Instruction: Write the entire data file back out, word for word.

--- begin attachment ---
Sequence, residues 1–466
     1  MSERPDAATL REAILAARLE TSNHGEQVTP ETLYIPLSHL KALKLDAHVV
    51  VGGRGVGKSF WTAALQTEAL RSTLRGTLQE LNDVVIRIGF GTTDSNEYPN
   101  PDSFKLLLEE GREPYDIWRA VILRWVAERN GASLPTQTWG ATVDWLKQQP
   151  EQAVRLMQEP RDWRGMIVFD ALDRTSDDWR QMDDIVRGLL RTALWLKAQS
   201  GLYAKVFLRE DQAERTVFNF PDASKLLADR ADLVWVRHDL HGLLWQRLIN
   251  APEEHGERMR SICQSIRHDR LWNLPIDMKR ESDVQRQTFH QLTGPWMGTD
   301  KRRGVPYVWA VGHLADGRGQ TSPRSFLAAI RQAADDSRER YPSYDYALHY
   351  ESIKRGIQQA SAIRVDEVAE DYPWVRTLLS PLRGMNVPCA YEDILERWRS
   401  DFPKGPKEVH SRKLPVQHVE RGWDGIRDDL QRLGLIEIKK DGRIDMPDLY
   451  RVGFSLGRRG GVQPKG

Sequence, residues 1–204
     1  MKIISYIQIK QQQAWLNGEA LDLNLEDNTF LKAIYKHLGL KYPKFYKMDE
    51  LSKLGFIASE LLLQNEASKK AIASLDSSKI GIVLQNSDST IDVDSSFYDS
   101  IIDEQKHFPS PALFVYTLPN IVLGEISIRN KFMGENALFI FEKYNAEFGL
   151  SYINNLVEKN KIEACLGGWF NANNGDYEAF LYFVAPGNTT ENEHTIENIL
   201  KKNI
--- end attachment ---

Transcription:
Sequence, residues 1–466
     1  MSERPDAATL REAILAARLE TSNHGEQVTP ETLYIPLSHL KALKLDAHVV
    51  VGGRGVGKSF WTAALQTEAL RSTLRGTLQE LNDVVIRIGF GTTDSNEYPN
   101  PDSFKLLLEE GREPYDIWRA VILRWVAERN GASLPTQTWG ATVDWLKQQP
   151  EQAVRLMQEP RDWRGMIVFD ALDRTSDDWR QMDDIVRGLL RTALWLKAQS
   201  GLYAKVFLRE DQAERTVFNF PDASKLLADR ADLVWVRHDL HGLLWQRLIN
   251  APEEHGERMR SICQSIRHDR LWNLPIDMKR ESDVQRQTFH QLTGPWMGTD
   301  KRRGVPYVWA VGHLADGRGQ TSPRSFLAAI RQAADDSRER YPSYDYALHY
   351  ESIKRGIQQA SAIRVDEVAE DYPWVRTLLS PLRGMNVPCA YEDILERWRS
   401  DFPKGPKEVH SRKLPVQHVE RGWDGIRDDL QRLGLIEIKK DGRIDMPDLY
   451  RVGFSLGRRG GVQPKG

Sequence, residues 1–204
     1  MKIISYIQIK QQQAWLNGEA LDLNLEDNTF LKAIYKHLGL KYPKFYKMDE
    51  LSKLGFIASE LLLQNEASKK AIASLDSSKI GIVLQNSDST IDVDSSFYDS
   101  IIDEQKHFPS PALFVYTLPN IVLGEISIRN KFMGENALFI FEKYNAEFGL
   151  SYINNLVEKN KIEACLGGWF NANNGDYEAF LYFVAPGNTT ENEHTIENIL
   201  KKNI